In a move that comes close to paving the way for college athletes to be paid from their name, image and likeness (NIL), the NCAA voted Monday to approve an interim policy allowing such profits as soon as July 1 without affecting eligibility.
The NCAA has been under pressure to reform after the Supreme Court’s groundbreaking ruling last week that universities had unfairly hurt college athletes by prohibiting schools from competing for recruits via stringent limits on compensation.
Monday’s vote, held by the Division I Council (largely consisting of athletics administrators), does not implement such change just yet. Instead the Division I Board of Directors, comprised of higher-level figures such as school presidents, will vote Wednesday on the recommendation that athletes could begin to earn NIL profits as early as Thursday.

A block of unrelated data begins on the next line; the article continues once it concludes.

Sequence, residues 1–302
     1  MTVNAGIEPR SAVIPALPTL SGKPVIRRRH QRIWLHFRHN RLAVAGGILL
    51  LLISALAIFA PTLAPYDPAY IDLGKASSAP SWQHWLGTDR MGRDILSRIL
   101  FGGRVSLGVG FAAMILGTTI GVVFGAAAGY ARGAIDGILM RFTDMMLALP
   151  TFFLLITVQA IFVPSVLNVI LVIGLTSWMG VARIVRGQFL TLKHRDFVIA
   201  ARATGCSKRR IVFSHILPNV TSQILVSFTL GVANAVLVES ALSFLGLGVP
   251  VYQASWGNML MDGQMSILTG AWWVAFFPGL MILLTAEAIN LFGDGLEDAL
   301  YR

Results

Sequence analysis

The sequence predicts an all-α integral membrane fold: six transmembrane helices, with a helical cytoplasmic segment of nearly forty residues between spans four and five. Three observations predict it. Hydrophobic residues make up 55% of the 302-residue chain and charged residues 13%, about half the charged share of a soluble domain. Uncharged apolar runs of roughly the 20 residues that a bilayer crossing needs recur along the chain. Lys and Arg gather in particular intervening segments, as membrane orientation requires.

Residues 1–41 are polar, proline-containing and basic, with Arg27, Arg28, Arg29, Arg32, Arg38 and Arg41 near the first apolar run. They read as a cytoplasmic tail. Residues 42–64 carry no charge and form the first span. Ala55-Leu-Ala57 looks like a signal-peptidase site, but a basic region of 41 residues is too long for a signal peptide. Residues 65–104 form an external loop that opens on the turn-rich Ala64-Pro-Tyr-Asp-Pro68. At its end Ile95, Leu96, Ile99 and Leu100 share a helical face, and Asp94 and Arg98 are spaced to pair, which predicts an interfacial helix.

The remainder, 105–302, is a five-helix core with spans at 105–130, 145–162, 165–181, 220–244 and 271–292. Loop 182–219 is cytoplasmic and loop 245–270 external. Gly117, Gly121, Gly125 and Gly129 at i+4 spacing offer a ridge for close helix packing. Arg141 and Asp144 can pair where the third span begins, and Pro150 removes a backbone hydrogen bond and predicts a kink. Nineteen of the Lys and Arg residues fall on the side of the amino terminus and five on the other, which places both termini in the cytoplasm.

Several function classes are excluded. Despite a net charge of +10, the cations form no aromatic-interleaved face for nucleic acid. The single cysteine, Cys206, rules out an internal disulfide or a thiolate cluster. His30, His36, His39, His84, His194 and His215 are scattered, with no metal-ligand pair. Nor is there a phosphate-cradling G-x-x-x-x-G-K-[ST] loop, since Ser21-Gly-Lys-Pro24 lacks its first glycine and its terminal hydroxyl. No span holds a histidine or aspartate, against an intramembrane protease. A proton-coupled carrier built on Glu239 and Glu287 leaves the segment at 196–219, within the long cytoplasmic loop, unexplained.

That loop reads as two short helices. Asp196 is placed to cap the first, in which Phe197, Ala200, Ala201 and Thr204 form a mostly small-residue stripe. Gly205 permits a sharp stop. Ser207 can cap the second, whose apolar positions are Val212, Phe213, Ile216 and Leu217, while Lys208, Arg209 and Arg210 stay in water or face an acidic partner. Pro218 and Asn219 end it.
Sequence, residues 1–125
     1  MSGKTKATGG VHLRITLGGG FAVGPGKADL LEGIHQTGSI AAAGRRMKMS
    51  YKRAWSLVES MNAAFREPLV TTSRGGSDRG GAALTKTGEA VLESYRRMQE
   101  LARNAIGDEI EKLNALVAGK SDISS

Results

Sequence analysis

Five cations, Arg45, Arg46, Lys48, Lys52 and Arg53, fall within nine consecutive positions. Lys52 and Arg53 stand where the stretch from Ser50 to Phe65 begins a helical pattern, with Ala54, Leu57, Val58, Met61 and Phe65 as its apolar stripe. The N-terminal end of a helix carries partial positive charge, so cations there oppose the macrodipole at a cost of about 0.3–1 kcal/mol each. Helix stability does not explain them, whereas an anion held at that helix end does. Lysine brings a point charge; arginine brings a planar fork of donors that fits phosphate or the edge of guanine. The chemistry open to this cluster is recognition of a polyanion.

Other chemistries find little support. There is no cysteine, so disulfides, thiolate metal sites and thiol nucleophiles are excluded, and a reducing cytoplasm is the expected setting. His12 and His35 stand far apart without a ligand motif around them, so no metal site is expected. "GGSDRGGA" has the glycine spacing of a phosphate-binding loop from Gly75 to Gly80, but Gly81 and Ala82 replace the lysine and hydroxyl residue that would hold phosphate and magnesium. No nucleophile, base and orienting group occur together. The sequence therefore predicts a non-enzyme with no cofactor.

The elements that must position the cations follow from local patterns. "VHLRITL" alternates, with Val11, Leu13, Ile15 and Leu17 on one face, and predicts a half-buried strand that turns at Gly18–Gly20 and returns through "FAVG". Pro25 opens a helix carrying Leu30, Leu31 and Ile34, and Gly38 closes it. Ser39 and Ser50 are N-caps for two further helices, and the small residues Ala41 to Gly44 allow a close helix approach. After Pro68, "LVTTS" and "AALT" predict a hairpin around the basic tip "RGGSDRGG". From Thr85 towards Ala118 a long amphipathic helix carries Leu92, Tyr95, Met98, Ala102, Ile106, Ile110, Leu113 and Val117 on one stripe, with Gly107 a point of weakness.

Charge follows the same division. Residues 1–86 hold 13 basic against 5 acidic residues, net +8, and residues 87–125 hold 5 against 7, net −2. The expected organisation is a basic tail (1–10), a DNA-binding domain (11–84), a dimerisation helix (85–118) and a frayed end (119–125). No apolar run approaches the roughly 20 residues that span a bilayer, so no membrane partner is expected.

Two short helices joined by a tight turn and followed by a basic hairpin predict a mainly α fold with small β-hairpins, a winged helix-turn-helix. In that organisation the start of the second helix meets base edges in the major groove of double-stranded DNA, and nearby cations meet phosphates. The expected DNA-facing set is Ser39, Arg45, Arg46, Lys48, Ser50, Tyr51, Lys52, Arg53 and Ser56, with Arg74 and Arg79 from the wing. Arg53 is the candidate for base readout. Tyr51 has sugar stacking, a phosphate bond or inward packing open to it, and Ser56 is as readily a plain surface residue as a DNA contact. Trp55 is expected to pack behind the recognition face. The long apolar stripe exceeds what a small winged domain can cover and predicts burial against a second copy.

If the interim policy receives final approval, athletes could begin earning money based on NIL later this week in all states that have not yet passed related laws. In states with laws already on the books, athletes could still make money so long as they follow those laws.
According to USA Today, 10 states will have laws allowing athletes to profit from NIL as of Thursday, and with legislation pending elsewhere, the count could be up to 15 by Sept. 1.
Ten days ago, NCAA president Mark Emmert issued a memo to over 1,100 institutions in an effort to convince them to pass legislation that will make it legal for players to earn money from their likenesses. In addition to aiming to avoid federal regulation, the NCAA is trying to maintain level playing fields until any future compensation guidelines are consistent through schools in every state.
–Field Level Media